Residents in Florida were horrified when they recently saw a massive Burmese python slithering around a neighborhood. According to reports, the python was spotted in a residential area near Miami.
While wildlife experts have yet to confirm the species, it’s very likely to be a Burmese python. This would also make sense considering this type of snake is an invasive species in the state. In addition, Burmese pythons on average measure from 10 to 16 feet in length. While the species is typically found in Asia, they thrive in Florida’s subtropical climate.
They’re also significantly prevalent in Florida’s Everglades National Park. However, sometimes they venture into residential areas and surprise Floridians.
According to Ron Magill, Director of Communications at Zoo Miami, he is “99.9 percent sure” the recently seen snake is a Burmese Python.
As seen in the pictures, the snake seems to blend into its surroundings, making it more dangerous for people nearby. According to Magill, people should avoid certain areas to ensure they don’t run into the slithering reptile.
“Stay away from high patches of grass and thickets of grass,” he noted. “Stay on sidewalks, low-cut grass, and areas where you have a clear sight of view around. And do not let your pets roam free.”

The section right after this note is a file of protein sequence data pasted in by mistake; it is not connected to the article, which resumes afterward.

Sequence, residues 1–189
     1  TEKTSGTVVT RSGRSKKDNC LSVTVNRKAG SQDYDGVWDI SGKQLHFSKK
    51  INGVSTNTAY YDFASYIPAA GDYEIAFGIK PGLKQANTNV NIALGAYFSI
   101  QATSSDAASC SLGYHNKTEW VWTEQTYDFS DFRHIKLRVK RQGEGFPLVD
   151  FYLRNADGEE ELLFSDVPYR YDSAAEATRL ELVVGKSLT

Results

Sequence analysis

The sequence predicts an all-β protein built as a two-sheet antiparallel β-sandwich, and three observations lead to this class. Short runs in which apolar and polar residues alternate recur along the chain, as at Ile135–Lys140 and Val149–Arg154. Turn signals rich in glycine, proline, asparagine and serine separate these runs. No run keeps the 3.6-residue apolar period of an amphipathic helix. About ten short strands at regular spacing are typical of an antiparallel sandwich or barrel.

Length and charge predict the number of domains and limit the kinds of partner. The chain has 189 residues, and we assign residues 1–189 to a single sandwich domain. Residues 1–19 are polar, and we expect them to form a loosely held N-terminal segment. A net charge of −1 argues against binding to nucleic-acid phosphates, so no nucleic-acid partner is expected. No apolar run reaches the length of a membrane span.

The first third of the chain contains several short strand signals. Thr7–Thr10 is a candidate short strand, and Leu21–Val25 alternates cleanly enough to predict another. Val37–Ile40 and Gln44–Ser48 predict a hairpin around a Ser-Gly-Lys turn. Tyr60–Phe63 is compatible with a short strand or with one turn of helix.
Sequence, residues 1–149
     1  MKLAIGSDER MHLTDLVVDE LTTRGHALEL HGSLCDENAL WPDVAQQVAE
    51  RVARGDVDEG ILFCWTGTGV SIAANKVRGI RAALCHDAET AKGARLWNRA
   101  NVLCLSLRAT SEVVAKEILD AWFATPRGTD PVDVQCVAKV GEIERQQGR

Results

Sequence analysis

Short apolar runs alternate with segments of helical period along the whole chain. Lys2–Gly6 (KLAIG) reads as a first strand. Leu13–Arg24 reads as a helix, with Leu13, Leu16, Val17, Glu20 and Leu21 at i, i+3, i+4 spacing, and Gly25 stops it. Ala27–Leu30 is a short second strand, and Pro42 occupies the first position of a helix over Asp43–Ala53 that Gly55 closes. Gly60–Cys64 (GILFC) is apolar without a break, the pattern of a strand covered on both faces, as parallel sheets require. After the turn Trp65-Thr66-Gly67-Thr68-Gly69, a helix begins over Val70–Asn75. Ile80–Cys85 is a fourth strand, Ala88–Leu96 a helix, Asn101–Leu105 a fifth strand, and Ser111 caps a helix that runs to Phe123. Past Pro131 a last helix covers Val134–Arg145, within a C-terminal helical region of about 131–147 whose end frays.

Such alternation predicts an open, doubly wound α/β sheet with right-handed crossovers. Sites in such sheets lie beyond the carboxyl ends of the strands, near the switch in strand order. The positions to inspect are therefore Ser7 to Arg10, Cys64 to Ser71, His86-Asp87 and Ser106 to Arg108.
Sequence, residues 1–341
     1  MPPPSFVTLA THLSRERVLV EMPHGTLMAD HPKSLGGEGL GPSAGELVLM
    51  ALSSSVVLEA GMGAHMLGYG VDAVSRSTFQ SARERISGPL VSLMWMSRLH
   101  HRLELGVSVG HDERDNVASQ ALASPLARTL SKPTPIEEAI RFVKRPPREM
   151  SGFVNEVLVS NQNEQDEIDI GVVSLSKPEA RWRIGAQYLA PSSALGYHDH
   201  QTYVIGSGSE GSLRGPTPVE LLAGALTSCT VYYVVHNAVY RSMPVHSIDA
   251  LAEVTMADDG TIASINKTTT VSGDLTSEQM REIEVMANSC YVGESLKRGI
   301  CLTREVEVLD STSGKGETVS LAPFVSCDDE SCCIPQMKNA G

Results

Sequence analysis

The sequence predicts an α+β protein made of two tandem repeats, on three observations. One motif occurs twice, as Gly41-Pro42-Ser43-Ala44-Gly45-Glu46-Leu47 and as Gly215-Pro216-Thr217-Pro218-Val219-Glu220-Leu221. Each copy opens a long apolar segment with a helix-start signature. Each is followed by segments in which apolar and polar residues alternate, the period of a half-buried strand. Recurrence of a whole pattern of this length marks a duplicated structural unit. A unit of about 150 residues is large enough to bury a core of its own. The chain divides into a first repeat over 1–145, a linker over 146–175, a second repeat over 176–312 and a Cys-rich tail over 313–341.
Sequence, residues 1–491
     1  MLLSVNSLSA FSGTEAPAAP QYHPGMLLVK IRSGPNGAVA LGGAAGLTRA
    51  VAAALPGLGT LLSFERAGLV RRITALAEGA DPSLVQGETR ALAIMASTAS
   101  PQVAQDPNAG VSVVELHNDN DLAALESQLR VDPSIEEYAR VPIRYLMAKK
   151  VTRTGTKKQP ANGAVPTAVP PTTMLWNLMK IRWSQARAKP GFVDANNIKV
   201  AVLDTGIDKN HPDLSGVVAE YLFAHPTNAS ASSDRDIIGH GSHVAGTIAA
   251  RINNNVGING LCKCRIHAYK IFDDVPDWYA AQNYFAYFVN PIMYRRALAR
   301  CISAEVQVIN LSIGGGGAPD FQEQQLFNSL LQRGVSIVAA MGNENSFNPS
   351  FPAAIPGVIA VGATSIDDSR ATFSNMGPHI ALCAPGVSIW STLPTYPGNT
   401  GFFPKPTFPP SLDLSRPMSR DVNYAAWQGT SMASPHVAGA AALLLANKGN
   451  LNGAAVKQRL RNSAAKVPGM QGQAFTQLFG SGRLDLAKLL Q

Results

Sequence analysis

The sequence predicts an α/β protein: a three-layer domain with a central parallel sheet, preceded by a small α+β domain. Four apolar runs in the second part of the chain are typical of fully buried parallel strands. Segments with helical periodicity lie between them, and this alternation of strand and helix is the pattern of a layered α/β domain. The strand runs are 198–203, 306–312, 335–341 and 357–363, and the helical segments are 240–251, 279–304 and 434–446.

Florida residents warn about lurking python via social media
Per reports from the Miami Herald, neighborhood security at a community in Doral, Florida, was the first to tell residents about the lurking python.
The serpent was too close for comfort for resident Juan Ramirez as he located it right outside his home. “Walking around the lake, and was like, where is the snake?” And then I saw the snake and went, like, ‘Wow!'” Ramirez said.
However, he’s not the only person who’s seen the reptile. In a Facebook post, resident Nelly Pujols said that her son had spotted the serpent in a lake near 114 Avenue in Doral. She warned: “Be aware with kids playing nearby and pets.” In addition, fellow resident Vanessa Jaramillo replied to her post with a clip of the python in the water.
Later, the city responded on social media, saying the local Wildlife Control Department had been made aware of the slithering situation.
The species was first introduced to Florida in the 1970s as many wanted to keep them as exotic pets. However, some were inevitably released into the wild. As a result, the species has decimated the ecosystem as the state is overrun with pythons today.
Because of their massive size, Burmese pythons have few predators, with humans being the exception. Unfortunately, this makes the species extremely invasive— so much so that the state hosts an annual Burmese Python hunting competition each year that attracts snake hunters from all over the country to try their hand at hunting the creatures.